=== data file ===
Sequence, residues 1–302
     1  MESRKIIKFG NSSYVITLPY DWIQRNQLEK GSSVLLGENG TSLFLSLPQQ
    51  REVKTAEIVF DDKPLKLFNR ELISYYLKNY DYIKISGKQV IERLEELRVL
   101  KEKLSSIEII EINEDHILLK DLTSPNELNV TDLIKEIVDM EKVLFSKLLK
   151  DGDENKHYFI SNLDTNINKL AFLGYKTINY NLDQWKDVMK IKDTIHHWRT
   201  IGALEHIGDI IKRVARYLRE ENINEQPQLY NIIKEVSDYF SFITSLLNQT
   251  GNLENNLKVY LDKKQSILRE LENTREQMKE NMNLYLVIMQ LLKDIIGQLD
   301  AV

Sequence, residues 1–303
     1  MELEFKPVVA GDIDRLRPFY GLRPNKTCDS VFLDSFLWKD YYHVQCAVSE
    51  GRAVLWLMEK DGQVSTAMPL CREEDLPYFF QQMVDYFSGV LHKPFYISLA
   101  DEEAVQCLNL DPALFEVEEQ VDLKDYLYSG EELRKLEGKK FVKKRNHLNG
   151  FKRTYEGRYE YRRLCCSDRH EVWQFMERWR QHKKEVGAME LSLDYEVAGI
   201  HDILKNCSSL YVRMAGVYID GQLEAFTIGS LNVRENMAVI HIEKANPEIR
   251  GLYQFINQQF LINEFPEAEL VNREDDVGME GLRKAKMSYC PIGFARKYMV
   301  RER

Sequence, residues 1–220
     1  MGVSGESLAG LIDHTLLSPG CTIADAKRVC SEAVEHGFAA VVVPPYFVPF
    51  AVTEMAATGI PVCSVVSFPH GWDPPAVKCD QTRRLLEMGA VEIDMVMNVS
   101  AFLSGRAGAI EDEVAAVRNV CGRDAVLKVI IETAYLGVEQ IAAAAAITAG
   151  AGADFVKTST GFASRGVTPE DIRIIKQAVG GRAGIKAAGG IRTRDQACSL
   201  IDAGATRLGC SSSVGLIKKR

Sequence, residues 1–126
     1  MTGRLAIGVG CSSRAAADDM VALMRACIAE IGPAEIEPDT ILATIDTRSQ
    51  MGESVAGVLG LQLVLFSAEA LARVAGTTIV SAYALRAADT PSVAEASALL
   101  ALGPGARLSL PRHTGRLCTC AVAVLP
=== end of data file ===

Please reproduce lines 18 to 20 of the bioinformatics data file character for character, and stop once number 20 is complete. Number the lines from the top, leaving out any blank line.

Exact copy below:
     1  MGVSGESLAG LIDHTLLSPG CTIADAKRVC SEAVEHGFAA VVVPPYFVPF
    51  AVTEMAATGI PVCSVVSFPH GWDPPAVKCD QTRRLLEMGA VEIDMVMNVS
   101  AFLSGRAGAI EDEVAAVRNV CGRDAVLKVI IETAYLGVEQ IAAAAAITAG